Hands down the best collaborative work at this year’s Biennial, and in fact the single best piece in the exhibition (no diss on an otherwise excellent affair, particularly floor 6), is Washington’s stellar “Truth” and the equally affecting film in accompaniment, Harmony of Difference, written and directed by AG Rojas.
— the video, as you can see below, has been scrubbed from the internet, so below is the actual track —
Kamasi Washington, “Truth”
According to the Whitney press release, “Harmony of Difference is an original six-movement suite that explores the philosophical possibilities of the musical technique known as counterpoint, which Washington defines as ‘the art of balancing similarity and difference to create harmony between separate melodies.’
at The Harwood Museum of Art, Taos NM
Reviewed by Erin Currier
Not unlike tin scraps gathered, then painstakingly crafted and painted into ex-voto offerings under the dim flicker of propane lamps in the outer rings of Mexico City, Antigua, or Salvador, and not unlike the mid-century Beat “cut-ups” of William S. Burroughs scattered like lotus petals on a mosaic tiled floor in the junk-sick dawn of Tangiers, and not unlike the embroidered Ayahuasca-dreamt songlines of the Amazonian Shipibo, Anthony Hassett’s pen, ink and glaze drawings in Japanese Moleskin albums are rhythms of a history at once autobiographical and universal: poetic calling cards shuffled and laid bare in a line by an adept renderer’s hand that has the strength and fury of a fighter’s fist combined with the mystical empathy of a Stigmata. [Read more…]
On Saturday, January 21st of this year, Tony welcomed me into he and Erin’s warm home. Greeting me at the door with a big hug and smile, Tony, despite his ongoing lengthy battle with cancer, was his usual self: cracking gallows humour jokes about his health, about the newly inaugurated President Trump, the cop-rotten planet, and so much more. [Read more…]
Francisco Goya’s magnificent image, The Sleep of Reason Produces Monsters (1797-99), is emblematic of the Enlightenment’s faith in rationality–and its fear of what occurs when Reason falters through negligence or ignorance. Goya had good evidence on which to fear those lapses, as documented in his powerful depictions of the Disasters of War. Monstrosity comes in many forms, but in the 18th century it was understood as an aberration of nature, including human nature. [Read more…]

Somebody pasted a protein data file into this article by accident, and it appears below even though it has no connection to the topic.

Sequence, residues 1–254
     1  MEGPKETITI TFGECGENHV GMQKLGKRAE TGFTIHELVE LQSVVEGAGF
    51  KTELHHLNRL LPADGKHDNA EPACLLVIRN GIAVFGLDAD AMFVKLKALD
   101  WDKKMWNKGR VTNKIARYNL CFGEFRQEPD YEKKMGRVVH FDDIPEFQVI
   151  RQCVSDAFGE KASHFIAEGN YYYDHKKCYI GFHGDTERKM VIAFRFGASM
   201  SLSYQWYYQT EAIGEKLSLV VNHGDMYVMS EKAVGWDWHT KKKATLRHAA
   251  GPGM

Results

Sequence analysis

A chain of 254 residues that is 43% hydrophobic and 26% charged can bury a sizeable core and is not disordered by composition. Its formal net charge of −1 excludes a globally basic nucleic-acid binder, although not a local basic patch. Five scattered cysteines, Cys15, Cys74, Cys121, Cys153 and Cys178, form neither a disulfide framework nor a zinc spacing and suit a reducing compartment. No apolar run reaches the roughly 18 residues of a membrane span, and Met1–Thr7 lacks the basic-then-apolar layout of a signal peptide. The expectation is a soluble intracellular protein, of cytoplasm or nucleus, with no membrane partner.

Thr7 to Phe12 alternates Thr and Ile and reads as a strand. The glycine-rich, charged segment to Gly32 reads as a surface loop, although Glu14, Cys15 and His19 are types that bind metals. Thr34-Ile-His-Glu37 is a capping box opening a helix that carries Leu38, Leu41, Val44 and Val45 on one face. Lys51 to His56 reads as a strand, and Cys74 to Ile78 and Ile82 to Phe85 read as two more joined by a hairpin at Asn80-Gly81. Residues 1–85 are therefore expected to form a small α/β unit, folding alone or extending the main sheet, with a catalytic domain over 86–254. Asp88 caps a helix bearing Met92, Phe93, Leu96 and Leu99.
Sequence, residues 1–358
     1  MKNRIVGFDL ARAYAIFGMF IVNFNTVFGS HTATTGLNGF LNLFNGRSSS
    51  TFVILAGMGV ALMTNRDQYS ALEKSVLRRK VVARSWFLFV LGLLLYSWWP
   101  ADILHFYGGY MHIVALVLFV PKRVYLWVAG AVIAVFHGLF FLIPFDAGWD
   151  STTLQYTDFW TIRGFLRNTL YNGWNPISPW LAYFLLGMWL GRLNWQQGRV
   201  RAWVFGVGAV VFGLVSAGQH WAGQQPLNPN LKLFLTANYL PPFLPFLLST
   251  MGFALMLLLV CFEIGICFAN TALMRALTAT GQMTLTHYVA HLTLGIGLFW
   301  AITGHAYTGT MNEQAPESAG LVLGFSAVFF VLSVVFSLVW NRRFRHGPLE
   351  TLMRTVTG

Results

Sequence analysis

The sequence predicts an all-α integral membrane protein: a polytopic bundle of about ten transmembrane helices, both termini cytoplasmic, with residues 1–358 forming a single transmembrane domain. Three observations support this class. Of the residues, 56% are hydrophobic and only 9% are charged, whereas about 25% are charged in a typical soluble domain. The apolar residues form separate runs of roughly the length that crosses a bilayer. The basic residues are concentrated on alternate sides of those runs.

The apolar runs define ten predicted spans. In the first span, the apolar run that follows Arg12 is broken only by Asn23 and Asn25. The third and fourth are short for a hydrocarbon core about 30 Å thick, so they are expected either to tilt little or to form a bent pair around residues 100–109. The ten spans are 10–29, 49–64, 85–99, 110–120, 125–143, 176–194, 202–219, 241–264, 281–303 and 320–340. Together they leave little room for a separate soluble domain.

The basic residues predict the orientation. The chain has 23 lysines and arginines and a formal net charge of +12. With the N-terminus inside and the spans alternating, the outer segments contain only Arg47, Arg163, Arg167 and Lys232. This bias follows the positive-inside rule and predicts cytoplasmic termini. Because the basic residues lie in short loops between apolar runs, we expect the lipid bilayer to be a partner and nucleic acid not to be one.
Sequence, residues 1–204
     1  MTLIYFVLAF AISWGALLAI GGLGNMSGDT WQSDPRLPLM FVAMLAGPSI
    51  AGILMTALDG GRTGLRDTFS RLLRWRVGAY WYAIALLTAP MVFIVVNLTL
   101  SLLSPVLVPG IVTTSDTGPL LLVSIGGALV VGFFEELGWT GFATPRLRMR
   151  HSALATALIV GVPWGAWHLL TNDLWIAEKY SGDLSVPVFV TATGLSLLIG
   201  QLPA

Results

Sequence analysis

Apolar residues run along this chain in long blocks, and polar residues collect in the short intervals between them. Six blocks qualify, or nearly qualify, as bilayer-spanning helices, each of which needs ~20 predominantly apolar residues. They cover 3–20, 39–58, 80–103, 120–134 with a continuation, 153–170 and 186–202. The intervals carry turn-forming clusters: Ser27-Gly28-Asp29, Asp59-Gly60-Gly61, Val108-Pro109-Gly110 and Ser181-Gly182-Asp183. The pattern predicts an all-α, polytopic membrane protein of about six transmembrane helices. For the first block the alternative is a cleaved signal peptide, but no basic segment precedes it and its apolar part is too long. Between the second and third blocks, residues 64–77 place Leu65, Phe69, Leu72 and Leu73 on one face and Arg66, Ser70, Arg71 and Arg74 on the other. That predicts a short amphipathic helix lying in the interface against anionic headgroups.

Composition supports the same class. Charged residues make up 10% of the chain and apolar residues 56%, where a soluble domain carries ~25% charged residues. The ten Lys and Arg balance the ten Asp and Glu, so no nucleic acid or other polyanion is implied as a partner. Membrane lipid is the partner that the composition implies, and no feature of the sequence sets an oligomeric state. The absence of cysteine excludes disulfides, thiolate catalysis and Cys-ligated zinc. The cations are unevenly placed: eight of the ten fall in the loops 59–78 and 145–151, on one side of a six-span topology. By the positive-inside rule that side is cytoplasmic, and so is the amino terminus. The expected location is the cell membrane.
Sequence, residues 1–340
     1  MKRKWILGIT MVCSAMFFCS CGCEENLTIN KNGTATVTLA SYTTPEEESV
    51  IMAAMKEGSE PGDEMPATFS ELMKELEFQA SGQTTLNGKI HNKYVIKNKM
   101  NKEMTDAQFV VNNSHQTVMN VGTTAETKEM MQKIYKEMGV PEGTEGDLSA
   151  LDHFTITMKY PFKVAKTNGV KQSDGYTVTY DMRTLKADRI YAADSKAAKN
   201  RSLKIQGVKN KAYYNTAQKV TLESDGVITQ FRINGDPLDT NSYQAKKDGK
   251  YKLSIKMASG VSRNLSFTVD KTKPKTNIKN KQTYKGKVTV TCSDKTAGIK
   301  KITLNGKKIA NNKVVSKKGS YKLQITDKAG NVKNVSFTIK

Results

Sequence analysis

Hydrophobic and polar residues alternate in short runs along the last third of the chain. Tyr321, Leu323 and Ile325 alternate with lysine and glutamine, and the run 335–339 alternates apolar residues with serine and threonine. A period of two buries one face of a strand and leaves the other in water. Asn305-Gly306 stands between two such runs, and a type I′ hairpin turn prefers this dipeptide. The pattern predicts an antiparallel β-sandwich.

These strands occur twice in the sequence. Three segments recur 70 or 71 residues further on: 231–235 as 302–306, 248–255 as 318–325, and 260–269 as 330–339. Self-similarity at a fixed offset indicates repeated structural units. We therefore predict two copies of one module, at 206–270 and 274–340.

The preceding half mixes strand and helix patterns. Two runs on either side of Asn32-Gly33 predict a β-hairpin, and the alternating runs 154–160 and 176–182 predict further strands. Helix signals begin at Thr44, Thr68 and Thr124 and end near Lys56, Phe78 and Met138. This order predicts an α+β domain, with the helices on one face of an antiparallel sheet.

I have a vested interest in finding whether essential differences exist between the art of women and that of men. A woman, I’ve been doing, appreciating, thinking about art all my life. Questions assail me as I approach the MOMA exhibition Making Space: Women Artists and Postwar Abstraction. Is their work different from their male counterparts? If it is different, in what way? Is their art worse, justifying the relative obscurity they have been left in? Is there a unifying quality to the work, or is the collection of individualities more defining than the elusive gender? [Read more…]
at LA LOUVER, Los Angeles
Reviewed by Nancy Kay Turner
Charles Garabedian and His Contemporaries brings together a veritable Who’s Who of Southern California art stars, including Ed Moses, John Altoon, William Brice, John Mc Cracken, Tony Berlant, Robert Heinecken, John Chamberlain, Robert Irwin, Richard Diebenkorn, John McLaughlin, Vija Celmins, Don Suggs, Larry Bell, Sam Francis and Tom Wudl. It’s the dizzying equivalent of an art world “Greatest Hits” album, with the “A” side all Charles Garabedian (who died in 2016). A dozen of his paintings on paper and canvas, all looking as fresh as the day they were painted, range from 1966-2012. Garabedian’s work, though often playful, is beguiling and challenging with its dense literary and mythological allusions. [Read more…]
Matthew Marks Gallery, NYC
Reviewed by Donald Lindeman
A confusion about media is at the heart of Vija Celmins‘ artmaking. In her new show at Matthew Marks Gallery in New York, are paintings, prints and sculptures, but we soon learn that things are seldom what they seem in Celmins’ art. The paintings and prints are based on photographs made by her, and some of the sculptures are ‘real’ found objects, e.g. stones, writing tablets, that are juxtaposed to mind-boggling “doubles” crafted by the artist. [Read more…]